A drone aerial view of Bethany Dams and Reservoir near Livermore, where the planned tunnel would connect to the California Aqueduct. Courtesy California Department of Water Resources
Will the fifth time be the charm for California’s decades-long effort to replumb the Sacramento-San Joaquin Delta so that more Northern California water can be transported to Southern California?
Don’t count on it.
Last week, the state Department of Water Resources released a draft environmental impact report on the latest iteration of the 57-year-long effort to change the Delta’s role in water supply, a 45-mile-long tunnel officially named the “Delta Conveyance.”
The 3,000-page document immediately drew the responses that have accompanied past versions — big municipal and agricultural water agencies were in favor of it because it would, they hope, increase water deliveries south of the Delta, and environmentalists were against it, saying it would further damage the Delta’s already bruised ecosystem.
That fundamental conflict has tied up the project in its various forms ever since it was first proposed in 1965 as a “peripheral canal” to complete the California Water Project (CWP).
The CWP is primarily a massive dam on the Feather River whose reservoir feeds water into the Sacramento River and the California Aqueduct, which pulls water out of the southern edge of the Delta for shipment southward. They were still under construction when the peripheral canal was proposed and without it, water managers said, the CWP could not deliver on its promises to downstate water agencies.
The canal would have diverted water out of the Sacramento River south of Sacramento and carried it 43 miles around the Delta to the head of the California Aqueduct near Tracy. Pat Brown, the CWP’s political champion, was still governor when the canal was first proposed and his son, Jerry, took up the cause upon becoming governor a decade later.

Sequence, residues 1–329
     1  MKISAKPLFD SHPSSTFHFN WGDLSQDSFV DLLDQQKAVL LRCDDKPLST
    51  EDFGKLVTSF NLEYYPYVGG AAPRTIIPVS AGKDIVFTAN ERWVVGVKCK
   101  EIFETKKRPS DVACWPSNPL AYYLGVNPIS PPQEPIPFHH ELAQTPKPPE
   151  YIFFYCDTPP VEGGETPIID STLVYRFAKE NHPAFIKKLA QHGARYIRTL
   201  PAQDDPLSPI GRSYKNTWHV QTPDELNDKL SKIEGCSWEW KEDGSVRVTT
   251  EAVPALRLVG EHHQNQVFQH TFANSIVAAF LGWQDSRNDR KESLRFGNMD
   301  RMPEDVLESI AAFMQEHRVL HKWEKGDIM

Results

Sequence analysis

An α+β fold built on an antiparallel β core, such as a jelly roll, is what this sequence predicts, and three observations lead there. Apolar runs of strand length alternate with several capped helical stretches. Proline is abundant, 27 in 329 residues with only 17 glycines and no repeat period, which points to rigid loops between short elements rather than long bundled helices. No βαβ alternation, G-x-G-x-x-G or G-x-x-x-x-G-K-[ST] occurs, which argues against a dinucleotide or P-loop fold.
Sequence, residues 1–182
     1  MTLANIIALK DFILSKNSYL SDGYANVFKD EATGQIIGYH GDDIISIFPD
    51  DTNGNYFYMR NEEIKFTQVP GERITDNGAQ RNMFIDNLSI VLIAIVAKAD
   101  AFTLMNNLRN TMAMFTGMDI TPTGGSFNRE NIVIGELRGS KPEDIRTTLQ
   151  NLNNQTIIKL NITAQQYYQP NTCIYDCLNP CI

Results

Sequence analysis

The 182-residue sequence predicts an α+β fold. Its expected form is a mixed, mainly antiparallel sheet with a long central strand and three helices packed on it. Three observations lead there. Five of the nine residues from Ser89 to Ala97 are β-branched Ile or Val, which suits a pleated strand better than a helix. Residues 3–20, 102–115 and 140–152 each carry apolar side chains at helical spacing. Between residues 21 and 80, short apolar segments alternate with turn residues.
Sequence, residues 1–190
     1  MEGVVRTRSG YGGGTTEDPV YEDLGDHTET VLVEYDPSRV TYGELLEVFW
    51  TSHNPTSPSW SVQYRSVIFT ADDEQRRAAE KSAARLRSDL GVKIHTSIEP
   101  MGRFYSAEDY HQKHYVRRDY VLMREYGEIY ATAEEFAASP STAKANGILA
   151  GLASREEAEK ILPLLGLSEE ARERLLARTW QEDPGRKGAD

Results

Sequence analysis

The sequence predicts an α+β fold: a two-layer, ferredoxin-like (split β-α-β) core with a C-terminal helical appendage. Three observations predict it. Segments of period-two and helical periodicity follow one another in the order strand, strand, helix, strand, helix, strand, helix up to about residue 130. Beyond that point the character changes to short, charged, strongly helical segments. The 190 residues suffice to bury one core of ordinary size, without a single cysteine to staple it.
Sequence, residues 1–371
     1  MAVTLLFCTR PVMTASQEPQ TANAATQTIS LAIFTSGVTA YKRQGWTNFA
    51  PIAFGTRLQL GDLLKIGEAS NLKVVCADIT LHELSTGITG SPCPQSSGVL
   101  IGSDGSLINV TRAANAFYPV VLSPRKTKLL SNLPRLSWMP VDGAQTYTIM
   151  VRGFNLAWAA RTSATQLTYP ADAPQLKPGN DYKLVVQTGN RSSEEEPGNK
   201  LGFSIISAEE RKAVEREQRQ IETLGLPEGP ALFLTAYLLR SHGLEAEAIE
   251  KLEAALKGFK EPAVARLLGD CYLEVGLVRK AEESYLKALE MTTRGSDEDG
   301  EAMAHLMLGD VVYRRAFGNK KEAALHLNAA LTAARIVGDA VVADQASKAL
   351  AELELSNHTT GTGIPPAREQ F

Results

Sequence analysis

The younger Brown pushed hard for legislative approval of the project, arguing that it would improve the Delta habitat by avoiding the negative effects of flows caused by the California Aqueduct’s massive pumps.
Twisting arms and promising public works projects for holdout legislators, Brown finally won approval of a peripheral canal bill, only to see it repealed in a 1982 referendum.
Environmental groups formed a strange bedfellows alliance with big agribusiness interests, which believed the canal would not deliver enough water, on the successful campaign to reject the project.
The two Republican governors who followed, George Deukmejian and Pete Wilson, made fitful efforts on alternatives, such as a “through-Delta” canal or agreements that would deliver more water while improving the Delta’s habitat.
Those efforts failed and the Democrat who succeeded Wilson, Gray Davis, clearly didn’t want to touch the issue — having witnessed the conflict up close as Jerry Brown’s chief of staff.
However, after Davis was recalled in 2003, Republican successor Arnold Schwarzenegger gave it a new try, working out a scheme to replace the peripheral canal with twin tunnels that, at least on paper, could be built without legislative or voter approval.
Jerry Brown inherited the twin tunnel plan when he returned for another stint as governor in 2011 but couldn’t get it done before departing. Immediately upon becoming governor in 2019, Newsom tossed out the twin tunnels in favor of a single one, thereby setting the stage for last week’s action.
“The governor is committed to getting this project essentially in a place where it’s getting built by the end of this administration,” Wade Crowfoot, Newsom’s resources secretary, said.
The project still has a lot of blanks to be filled, including a cost estimate, a list of water agencies willing to commit to repaying bonds to build it and a potentially infinite number of legal challenges from opponents.
It also has 57 years of history to overcome.
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